4. The Domain Function menu specifies which type of storage domain is going to be created. If a data center has no data domain, just the Data type is listed in this menu. If a data domain is available in the data center, this menu contains the Data, ISO, and Export types. If the data center already has an ISO domain, the ISO type is not listed in this menu. In this example, Data is selected to create a data domain.
5. The storage type used as a back end for the storage domain is specified using the Storage Type menu. There are several options, including NFS, GlusterFS, and Fibre Channel. Select NFS to create a storage domain based on an NFS export.
6. The Host to Use menu selects the host this operation uses as the Storage Pool Manager (SPM). The SPM configures the NFS export used by the storage domain with initial metadata and directory structures. By default, the current SPM is selected.
7. The Name, Description, and Comment fields add more information about the storage domain. A Name must be specified for the storage domain, but the other fields are optional.
8. If NFS is selected as the back end for a storage domain, the Export Path field specifies the URI of the NFS share. The URI is specified using the fully-qualified domain name (FQDN) of the NFS server and the path of the NFS export.
In the previous example, mynfsserver.example.com is the NFS server’s FQDN, and / export/share is the NFS export. When done, click OK to create the storage domain.
Note: There are additional configuration options available in the Custom Configuration Parameters and the Advanced Parameters sections. These allow tuning different settings like the NFS version.
Uploading ISO files to an ISO domain
1. Uploading ISO Images with ISO Uploader
The engine-iso-uploader command (also known as ISO Uploader) is a tool which can be used to upload ISO files and other installation images into an ISO domain. It automatically puts files in the correct places with the correct permissions. ISO Uploader can be slow to upload large images.
By default, ISO Uploader authenticates to Red Hat Virtualization using the admin user from the internal authentication domain.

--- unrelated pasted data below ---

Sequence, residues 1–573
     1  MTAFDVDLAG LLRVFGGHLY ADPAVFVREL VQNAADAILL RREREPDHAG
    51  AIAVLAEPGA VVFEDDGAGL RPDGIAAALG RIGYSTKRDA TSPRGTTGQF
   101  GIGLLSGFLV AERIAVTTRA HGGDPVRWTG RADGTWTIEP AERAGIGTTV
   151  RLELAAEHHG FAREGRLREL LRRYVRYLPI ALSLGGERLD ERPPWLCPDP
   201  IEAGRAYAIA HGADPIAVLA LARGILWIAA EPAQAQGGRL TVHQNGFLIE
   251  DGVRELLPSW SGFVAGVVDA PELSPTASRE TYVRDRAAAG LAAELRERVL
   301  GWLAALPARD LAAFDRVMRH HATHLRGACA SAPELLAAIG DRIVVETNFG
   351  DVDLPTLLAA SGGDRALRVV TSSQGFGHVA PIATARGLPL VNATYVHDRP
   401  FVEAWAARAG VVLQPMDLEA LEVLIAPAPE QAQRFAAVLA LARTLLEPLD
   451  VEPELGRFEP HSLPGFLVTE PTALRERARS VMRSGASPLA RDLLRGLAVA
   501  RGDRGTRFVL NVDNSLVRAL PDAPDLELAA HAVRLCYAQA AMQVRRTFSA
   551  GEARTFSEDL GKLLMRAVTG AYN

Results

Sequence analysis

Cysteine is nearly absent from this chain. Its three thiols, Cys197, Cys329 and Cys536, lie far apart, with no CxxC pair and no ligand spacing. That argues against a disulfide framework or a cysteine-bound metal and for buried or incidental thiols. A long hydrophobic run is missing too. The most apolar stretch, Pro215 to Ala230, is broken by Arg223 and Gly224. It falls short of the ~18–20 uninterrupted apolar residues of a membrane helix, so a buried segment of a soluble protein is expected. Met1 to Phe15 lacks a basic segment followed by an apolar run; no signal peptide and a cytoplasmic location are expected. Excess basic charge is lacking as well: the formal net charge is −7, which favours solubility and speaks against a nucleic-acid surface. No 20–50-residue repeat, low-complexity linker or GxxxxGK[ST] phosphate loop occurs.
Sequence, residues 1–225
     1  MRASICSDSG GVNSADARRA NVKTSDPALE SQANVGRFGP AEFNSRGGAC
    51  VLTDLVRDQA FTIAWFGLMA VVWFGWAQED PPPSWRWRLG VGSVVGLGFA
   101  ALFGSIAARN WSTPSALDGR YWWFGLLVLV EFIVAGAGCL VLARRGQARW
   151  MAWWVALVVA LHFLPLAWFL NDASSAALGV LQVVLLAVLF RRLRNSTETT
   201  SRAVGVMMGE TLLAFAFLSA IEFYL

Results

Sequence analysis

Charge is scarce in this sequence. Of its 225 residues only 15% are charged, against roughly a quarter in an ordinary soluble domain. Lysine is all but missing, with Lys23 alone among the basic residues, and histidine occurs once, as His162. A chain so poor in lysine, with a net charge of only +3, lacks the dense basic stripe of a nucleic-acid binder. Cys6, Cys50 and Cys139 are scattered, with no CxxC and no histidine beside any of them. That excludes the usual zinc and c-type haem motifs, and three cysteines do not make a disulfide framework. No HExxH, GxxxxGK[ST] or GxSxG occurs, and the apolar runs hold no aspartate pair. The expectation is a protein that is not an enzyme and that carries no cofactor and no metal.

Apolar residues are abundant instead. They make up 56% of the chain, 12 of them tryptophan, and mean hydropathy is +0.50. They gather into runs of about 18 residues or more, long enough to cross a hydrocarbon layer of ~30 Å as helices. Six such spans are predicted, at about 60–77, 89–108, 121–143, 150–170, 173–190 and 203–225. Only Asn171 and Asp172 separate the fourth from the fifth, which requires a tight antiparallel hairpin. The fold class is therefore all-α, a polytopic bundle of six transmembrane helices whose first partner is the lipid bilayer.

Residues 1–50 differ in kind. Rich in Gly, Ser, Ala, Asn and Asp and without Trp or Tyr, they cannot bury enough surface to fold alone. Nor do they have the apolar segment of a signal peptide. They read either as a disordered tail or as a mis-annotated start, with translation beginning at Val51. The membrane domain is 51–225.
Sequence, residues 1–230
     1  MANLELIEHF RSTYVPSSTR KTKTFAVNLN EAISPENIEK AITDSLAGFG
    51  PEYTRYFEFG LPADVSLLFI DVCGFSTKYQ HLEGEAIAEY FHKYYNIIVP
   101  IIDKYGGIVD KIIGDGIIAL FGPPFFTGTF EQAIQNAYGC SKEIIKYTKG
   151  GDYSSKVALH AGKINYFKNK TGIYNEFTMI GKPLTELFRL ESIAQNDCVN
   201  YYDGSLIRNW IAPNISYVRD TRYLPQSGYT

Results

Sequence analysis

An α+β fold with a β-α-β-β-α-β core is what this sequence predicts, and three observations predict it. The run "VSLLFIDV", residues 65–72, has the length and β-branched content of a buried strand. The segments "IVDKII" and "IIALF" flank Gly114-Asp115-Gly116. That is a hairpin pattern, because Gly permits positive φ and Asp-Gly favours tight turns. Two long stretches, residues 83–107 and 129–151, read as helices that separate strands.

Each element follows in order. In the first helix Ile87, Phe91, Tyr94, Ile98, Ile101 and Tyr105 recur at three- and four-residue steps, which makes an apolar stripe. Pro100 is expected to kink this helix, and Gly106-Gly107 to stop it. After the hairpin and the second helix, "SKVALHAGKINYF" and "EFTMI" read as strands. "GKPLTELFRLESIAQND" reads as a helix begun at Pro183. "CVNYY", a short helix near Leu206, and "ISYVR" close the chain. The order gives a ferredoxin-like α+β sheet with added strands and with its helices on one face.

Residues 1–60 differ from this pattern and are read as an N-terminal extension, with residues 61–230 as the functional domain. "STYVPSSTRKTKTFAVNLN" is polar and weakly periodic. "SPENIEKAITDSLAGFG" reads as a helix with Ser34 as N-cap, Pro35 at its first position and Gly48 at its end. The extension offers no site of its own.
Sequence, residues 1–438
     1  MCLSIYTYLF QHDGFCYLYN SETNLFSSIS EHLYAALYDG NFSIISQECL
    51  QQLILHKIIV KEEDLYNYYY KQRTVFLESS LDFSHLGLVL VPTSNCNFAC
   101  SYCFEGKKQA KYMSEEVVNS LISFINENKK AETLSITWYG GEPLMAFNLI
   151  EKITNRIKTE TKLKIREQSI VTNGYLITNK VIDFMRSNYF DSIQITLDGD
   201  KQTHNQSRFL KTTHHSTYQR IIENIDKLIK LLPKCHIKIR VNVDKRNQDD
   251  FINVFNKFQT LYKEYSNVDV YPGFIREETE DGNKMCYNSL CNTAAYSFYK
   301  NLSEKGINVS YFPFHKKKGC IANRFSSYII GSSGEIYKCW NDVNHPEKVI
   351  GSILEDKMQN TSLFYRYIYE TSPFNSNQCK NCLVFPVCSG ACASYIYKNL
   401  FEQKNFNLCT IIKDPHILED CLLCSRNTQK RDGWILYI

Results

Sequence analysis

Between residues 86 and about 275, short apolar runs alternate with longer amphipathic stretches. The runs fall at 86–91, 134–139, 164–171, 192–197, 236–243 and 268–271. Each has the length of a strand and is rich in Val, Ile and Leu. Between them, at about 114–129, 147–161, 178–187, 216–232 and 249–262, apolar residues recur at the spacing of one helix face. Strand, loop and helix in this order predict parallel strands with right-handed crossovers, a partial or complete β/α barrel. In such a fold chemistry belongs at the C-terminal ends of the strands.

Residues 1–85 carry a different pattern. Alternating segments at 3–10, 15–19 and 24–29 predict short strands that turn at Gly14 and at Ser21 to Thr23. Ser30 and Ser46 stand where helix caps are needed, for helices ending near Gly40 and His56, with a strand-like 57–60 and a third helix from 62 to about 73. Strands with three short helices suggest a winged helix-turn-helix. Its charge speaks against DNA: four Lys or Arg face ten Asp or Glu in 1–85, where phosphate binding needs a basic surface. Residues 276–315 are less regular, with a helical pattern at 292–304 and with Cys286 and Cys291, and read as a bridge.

To list all available ISO domains use the engine-iso-uploader list command:
[[email protected] ~]# engine-iso-uploader list Please provide the REST API password for the [email protected] RHEV-M user (CTRL+D to abort): redhat ISO Storage Domain Name | Datacenter | ISO Domain Status isodomain | Default | active
To upload an ISO file (rhel-server-7.3-x86_64.iso in the example) to the storage domain isodomain, using the engine-iso-uploader utility:
[[email protected] ~]# engine-iso-uploader -i isodomain > upload rhel-server-7.3-x86_64.iso ... output omitted ...
When the ISO file upload has finished, the ISO file is displayed in the Images tab for the ISO storage domain.
2. Uploading ISO Images Manually
An alternative technique, which can be faster than using engine-iso-uploader, is to manually copy the ISO images to the NFS export.
The part that may make this challenging is that each ISO domain has a unique 128-bit UUID that is used as the name of the directory on its NFS export that contains the ISO domain’s files. On the ISO domain’s NFS export, the ISO files need to be copied into an existing directory which will have a name of the form
The easiest way to determine the value of unique-UUID is simply to look at the ISO domain’s NFS export before making the copy. For instance, if the NFS export is mounted as /exports/iso/, the following commands show the directory named using the unique UUID and the full path to the ISO image directory:
[[email protected] ~]# ls /exports/iso/ 56a00180-8301-4673-a1b5-b31c25686de6
[[email protected] ~]# ls /exports/iso/56a00180-8301-4673-a1b5-b31c25686de6/ images/11111111-1111-1111-1111-111111111111/ rhel-server-7.3-x86_64.iso
Upload files directly to that directory. When uploaded, the files must be owned by user vdsm and group kvm (UID 36 and GID 36).
[[email protected] 11111111-1111-1111-1111-111111111111]# chown 36:36 *.iso
Change the permissions for the files to octal mode 0640.
[[email protected] 11111111-1111-1111-1111-111111111111]# chmod 0640 *.iso
When the copy is completed, the file should automatically appear in the RHVM interface.